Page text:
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This page has been copied verbatim from: http://www.af.mil/news/factsheets/B_52_Stratofortress.html

Are we sure that this is OK? I don't see any copyright logo thingy. Theoretically, this is information in the public domain written by our government, but there still might be copyright issue. -- ansible

It's not specifically listed in the [public domain resources]? list. It probably wouldn't hurt to make sure. Even if it is, we need to (a) acknowledge that it's USAF material so should be taken with several grains of salt, and (b) add and edit so that it's more balanced and complies with the NPOV. --Robert Merkel

The USAF disclaimer page says it is public information. I will add this to the public domain resources page. What specifically violates NPOV? It could probably be changed easily enough, but I'm not sure what th eproblem is. - Tim

Not so much on this page, but others (notably comments on the F-15's "unprecedented maneuverability", for instance) strike me as PR guff rather than objective comment. The mentions of operational deployments also strike me as a little selectively described. Nor do they attempt compare the capabilities of the fighters with comparable foriegn planes (notably Russian and European). It's not so much what they say, it's what they don't say. --Robert Merkel

All US Government published material is public-domain (unless it's classified ;^)). I haven't done a detailed read of the B-52 page, but a quick pass through it leads me to believe it's a fairly factual writeup. I don't see any glaring violation of the NPOV rule. Sure, military equipment is mean, nasty, rotten and awful by nature: its purpose is to kill people and destroy stuff, which is regrettably sometimes necessary. The facts and the history of some piece of military equipment are nonetheless grist for an encyclopedia, be it the B-52, or the HMS Dreadnought or the Mary Rose or the Roman gladius.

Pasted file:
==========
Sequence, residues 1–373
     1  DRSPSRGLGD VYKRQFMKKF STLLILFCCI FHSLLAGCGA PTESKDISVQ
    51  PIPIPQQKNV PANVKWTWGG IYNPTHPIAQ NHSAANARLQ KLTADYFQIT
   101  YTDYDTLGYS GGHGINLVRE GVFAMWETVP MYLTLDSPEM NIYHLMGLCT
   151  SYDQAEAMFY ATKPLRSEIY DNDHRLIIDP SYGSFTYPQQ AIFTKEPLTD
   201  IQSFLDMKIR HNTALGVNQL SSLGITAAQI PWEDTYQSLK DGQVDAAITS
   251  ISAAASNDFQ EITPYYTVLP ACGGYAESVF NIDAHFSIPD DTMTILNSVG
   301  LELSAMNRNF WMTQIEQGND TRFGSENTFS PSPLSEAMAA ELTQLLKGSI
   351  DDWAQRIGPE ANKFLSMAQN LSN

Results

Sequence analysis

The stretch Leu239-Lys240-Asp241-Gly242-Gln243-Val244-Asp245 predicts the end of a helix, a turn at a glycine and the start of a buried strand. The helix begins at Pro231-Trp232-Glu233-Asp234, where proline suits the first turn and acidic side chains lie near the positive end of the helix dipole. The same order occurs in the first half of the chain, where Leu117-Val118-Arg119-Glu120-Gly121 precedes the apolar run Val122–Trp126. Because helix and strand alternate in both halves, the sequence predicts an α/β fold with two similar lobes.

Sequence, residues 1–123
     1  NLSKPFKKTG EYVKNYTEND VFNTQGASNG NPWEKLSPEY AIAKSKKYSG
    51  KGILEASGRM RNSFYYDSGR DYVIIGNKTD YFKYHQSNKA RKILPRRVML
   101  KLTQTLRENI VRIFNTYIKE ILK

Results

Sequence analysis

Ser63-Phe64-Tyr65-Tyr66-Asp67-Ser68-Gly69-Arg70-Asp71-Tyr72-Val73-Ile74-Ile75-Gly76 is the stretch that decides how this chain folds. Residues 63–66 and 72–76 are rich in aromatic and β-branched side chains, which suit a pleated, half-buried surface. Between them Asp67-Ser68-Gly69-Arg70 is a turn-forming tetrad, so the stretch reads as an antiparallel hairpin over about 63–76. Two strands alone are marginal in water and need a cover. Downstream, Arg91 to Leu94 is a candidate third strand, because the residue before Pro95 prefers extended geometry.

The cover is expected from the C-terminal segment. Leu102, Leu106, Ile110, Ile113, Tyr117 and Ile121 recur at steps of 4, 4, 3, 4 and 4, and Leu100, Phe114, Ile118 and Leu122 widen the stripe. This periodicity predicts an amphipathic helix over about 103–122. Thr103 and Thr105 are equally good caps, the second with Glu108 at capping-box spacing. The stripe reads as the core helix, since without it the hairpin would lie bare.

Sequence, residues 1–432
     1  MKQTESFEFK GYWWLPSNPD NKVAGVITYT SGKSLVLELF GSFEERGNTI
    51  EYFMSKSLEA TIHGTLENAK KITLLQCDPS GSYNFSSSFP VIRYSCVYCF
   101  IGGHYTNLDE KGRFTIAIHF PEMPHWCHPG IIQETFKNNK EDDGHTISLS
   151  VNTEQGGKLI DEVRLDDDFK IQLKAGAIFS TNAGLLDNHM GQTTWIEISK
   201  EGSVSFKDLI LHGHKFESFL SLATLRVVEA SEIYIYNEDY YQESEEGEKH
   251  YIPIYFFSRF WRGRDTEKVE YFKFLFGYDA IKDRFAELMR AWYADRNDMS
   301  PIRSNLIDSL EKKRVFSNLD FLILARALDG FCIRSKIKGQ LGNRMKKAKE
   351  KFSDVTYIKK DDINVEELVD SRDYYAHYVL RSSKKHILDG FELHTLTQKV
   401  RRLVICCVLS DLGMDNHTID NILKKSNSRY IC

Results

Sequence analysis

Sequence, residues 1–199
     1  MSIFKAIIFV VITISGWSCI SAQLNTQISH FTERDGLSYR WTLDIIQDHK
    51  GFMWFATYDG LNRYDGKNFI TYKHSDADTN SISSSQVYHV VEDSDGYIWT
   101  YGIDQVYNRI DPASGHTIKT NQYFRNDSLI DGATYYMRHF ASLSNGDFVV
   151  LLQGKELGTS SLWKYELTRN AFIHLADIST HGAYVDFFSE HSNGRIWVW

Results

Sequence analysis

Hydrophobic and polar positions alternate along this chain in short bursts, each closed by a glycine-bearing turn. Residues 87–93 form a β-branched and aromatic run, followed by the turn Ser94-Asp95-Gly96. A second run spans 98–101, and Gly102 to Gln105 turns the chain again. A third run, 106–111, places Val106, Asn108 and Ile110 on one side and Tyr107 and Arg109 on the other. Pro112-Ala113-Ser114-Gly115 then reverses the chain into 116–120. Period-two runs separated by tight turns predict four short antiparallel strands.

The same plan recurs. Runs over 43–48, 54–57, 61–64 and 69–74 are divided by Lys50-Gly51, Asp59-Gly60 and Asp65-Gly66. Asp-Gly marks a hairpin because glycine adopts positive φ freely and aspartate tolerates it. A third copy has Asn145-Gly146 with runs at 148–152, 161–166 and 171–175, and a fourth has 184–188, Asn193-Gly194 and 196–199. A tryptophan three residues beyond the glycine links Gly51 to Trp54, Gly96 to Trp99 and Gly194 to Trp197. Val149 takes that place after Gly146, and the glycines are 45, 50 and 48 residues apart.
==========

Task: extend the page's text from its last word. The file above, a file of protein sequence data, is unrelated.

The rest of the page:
I'm not disputing that military equipment is designed to kill people and destroy stuff, and that an effective piece of military equipment is one that is extra-good at the job. What I am disputing is the neutrality of the Air Force's commentary on its own places. There doesn't seem to be a single negative comment about the performance of any of their aircraft. Surely there must be the odd dog amongst the Air Force's collection. --Robert Merkel

On the F-15: the airplane has maneuverability well beyond the structural limits of the airframe (which are considerable). The USAF found this out the hard way in the early days of deployment (they came home with their skins wrinkled, much to the dismay of the maint. chiefs). That the late-number Soyuz interceptors (SU-29 & SU-31) have comparable capabilities is not germane, certainly not to the descriptive text of the bad ol' Buff (hmmm, that nickname for the B-52 ought to be in the article). -- Stranger

I think you miss my point. I was giving an example of why I thought USAF text should be taken with a grain of salt in general.

As a vet, I agree that USAF materials may need to be taken with a large grain of salt. However, for this particular article on the B52, its seems pretty accurate. It is pushing 50 years of service, which is pretty amazing. I would be much more suspicious of such material on the F117, B1, B2, etc. But not the buf. There probably were performance problems and crashes in its early years, 19502,60s, which would be very interesting to add to this page.

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Last edited November 15, 2001 12:56 pm by 198.144.199.xxx (diff)